In each of the above cases the local official receiver is working on potential recovery action.
Kevin Read, official receiver at the Insolvency Service, said: ‘In all of these cases it was obvious, or it should have been obvious, that they either misused the bounce back loan for personal benefit, took a larger loan than they were eligible for, or weren’t eligible for a bounce back loan at all.
‘This is taxpayers’ money they have abused and we will not hesitate to impose bankruptcy restrictions in these circumstances.’
he level of financial distress in companies jumped by 37% in the last quarter compared to the same period last year
Bars and restaurants, retailers and construction sectors were the main sectors affected by tough trading conditions, with year-on-year rises of 70%, 48% and 36% respectively.
The latest Red Flag alert from Begbies Traynor showed that the number of companies rated as being in ‘critical financial distress’ continued to rise, increasing by more than a third in Q2 2022 – edging up 3% compared to Q1 2022.
Julie Palmer, partner at Begbies Traynor, said: ‘Having emerged from the pandemic, many companies were hoping for an economic boom but that has simply fizzled out, as supply chain issues and the invasion of Ukraine have taken their toll by driving up raw material and energy costs and reducing both business and consumer confidence.
‘We are now in a very high inflationary environment that’s piling pressure on businesses that were already weakened by the shock of the pandemic.
‘Sectors most exposed to discretionary consumer spending – bars and restaurants, and general retailers – are feeling the pain most.’
SMEs are also affected, with more than 582,000 companies in significant financial distress, although this figure was unchanged from the previous quarter.
Businesses continue to be impacted by rising inflation, far exceeding the official rate of more than 9%. With high labour, material and energy prices and faltering consumer and business confidence, companies are facing a difficult economic backdrop.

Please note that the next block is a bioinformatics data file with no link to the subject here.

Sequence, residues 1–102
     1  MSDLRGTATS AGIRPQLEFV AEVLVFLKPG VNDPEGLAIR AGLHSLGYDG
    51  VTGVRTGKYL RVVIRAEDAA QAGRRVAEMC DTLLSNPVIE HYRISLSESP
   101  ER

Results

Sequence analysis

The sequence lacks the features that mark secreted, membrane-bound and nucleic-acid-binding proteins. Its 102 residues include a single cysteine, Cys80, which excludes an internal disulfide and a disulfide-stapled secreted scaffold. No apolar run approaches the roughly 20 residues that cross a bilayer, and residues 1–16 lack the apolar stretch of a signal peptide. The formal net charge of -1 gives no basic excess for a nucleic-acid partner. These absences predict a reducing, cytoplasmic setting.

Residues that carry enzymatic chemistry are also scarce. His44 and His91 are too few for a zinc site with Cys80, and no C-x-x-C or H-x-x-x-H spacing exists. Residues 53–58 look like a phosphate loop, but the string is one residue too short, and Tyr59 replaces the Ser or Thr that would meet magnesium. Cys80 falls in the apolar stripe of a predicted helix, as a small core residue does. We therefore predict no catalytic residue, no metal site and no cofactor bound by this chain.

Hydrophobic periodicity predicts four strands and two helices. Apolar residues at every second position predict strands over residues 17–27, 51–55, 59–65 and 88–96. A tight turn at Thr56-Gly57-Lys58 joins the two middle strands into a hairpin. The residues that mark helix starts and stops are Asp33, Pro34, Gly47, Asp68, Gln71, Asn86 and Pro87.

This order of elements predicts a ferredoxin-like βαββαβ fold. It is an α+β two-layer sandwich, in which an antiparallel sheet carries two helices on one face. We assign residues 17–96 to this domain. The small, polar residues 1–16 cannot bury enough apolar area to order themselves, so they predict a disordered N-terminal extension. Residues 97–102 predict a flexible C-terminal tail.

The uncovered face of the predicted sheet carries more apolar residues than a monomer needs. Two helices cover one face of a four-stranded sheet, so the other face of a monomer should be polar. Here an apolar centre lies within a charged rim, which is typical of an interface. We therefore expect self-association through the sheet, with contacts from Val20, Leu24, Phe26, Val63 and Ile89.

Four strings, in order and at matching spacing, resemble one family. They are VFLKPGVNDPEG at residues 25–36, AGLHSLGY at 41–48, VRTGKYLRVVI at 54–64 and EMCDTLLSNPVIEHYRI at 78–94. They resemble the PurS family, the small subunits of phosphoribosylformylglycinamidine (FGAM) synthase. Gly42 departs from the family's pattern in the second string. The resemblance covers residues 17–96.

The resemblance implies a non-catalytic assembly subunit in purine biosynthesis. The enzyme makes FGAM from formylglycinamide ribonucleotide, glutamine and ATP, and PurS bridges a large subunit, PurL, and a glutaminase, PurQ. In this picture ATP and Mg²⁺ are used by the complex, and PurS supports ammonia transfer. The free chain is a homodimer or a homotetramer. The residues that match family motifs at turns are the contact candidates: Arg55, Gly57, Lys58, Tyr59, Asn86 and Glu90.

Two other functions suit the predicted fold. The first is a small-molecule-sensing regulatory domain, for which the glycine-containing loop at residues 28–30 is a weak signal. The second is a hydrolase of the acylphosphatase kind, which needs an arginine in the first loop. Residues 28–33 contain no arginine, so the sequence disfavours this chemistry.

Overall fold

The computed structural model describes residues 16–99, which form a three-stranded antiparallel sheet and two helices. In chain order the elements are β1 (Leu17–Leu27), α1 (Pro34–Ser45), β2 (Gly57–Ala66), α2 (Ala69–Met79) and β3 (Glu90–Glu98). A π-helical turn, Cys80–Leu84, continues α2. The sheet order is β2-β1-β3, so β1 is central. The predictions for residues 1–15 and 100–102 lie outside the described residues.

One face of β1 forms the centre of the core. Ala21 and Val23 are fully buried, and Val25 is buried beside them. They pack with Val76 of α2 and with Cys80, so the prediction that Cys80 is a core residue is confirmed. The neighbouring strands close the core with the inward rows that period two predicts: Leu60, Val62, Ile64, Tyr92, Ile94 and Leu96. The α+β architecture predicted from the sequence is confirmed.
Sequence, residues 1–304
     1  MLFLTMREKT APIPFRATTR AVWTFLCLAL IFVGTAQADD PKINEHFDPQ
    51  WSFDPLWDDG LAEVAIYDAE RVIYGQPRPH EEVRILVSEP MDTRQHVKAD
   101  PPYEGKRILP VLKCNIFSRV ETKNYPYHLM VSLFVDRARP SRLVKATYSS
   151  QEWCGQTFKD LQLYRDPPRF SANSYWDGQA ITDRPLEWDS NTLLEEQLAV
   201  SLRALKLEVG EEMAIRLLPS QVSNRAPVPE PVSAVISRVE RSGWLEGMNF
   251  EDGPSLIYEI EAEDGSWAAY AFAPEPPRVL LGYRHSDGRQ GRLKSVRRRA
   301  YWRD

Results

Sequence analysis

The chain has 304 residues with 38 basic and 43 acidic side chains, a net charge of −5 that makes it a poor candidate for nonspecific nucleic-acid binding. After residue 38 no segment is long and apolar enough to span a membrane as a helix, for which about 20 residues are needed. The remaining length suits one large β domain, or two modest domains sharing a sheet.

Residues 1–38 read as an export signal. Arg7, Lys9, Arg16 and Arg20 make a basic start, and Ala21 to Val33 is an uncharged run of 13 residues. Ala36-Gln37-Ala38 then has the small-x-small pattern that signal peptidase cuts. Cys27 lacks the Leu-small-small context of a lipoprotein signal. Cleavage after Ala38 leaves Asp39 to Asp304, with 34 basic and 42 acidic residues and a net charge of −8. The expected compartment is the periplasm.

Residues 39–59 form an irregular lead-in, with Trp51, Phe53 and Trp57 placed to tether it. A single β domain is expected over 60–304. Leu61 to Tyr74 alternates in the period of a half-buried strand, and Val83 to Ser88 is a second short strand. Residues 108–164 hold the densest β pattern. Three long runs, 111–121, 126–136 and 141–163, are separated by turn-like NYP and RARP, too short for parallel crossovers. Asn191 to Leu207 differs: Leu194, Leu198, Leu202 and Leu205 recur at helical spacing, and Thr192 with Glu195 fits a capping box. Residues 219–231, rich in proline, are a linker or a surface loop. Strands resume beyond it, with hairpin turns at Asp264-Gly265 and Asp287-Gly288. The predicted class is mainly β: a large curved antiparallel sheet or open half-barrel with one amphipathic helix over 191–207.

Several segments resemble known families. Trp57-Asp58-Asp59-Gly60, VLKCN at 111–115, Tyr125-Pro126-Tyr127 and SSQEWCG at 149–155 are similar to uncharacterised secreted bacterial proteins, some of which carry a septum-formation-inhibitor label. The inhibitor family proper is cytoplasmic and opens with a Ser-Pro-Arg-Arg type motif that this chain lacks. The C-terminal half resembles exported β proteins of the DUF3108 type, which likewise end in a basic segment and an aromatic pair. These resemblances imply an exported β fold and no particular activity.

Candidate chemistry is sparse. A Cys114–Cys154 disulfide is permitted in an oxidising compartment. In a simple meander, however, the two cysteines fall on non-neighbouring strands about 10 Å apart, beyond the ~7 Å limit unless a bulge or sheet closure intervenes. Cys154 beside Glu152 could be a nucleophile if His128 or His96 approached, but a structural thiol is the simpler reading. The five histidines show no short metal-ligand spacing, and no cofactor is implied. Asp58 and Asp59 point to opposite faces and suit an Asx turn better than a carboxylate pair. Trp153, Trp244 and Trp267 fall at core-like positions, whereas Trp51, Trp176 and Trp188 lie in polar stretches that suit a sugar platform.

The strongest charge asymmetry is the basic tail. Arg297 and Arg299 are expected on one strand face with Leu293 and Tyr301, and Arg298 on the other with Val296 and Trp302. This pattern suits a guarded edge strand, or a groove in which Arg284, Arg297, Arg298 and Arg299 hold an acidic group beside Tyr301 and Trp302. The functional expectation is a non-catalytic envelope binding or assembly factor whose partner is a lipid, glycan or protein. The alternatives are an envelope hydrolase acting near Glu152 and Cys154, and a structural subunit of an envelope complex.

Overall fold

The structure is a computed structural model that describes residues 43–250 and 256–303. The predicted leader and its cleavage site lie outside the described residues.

Palmer added: ‘I am also particularly concerned for those SMEs who operate in energy-intensive sectors, such as manufacturing, as some could simply become unviable. Without the benefit of an energy price cap, business energy tariffs have at least trebled, and for many it will be much worse.’
Evidence of this financial distress comes from county court judgement (CCJ) data, which revealed 46,235 rulings in the first six months of 2022, up 5% on the first quarter, as creditors tried to recover debt – there were 59,042 CCJs during the whole of 2021.
CCJs are leading indicators of insolvency, and as the courts return to normal, there are fears this number could rise much further.
Sectors with the highest number of critically distressed businesses include construction, real estate, general retailers and restaurants, automotive and industrial transportation.
Ric Traynor, executive chairman of Begbies Traynor, said: ‘The combination of macro-economic risks is now taking its toll on UK businesses, as evidenced by this latest Reg Flag Alert data.
‘With inflation nearing 10%, and showing little sign of abating, there can be no doubt that things are going to get worse for UK businesses before they get better. This, combined with a deteriorating geo-political landscape, is likely to have serious consequences for the UK economy.
‘Rising insolvency rates, combined with our own evidence from speaking to the directors of distressed companies, highlight the impact of rising costs on businesses. The very same directors, who benefited from government-backed Covid support loans to get them through the pandemic, are now telling us that they are simply unable to repay these debts, plus they are having to deal with rising wage demands and higher input costs.’
At the height of the wedding season, HMRC is reminding married couples and people in civil partnerships to sign up for the marriage allowance tax break
Marriage allowance allows married couples or people in civil partnerships, including those who have been together for many years, to share their personal tax allowances if one partner earns below the personal allowance threshold of £12,570, and the other is a basic rate taxpayer.
Eligible couples can transfer 10% of their tax-free allowance to their partner, which is £1,260 in 2022/23. It means couples can reduce the tax they pay by up to £252 a year. They can apply any time and, if eligible, could backdate their claims for up to four previous tax years to receive a payment of up to £1,242.